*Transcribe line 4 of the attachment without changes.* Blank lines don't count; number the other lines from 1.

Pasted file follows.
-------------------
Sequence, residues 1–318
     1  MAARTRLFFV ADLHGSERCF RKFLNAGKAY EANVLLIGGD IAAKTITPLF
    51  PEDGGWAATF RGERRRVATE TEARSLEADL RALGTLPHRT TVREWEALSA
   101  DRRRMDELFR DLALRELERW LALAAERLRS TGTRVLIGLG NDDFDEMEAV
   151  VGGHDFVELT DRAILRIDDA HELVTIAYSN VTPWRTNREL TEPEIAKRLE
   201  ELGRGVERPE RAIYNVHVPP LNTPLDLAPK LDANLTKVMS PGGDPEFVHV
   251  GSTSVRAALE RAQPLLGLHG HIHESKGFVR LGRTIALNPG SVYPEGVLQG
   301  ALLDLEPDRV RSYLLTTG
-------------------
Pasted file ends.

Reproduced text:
   101  DRRRMDELFR DLALRELERW LALAAERLRS TGTRVLIGLG NDDFDEMEAV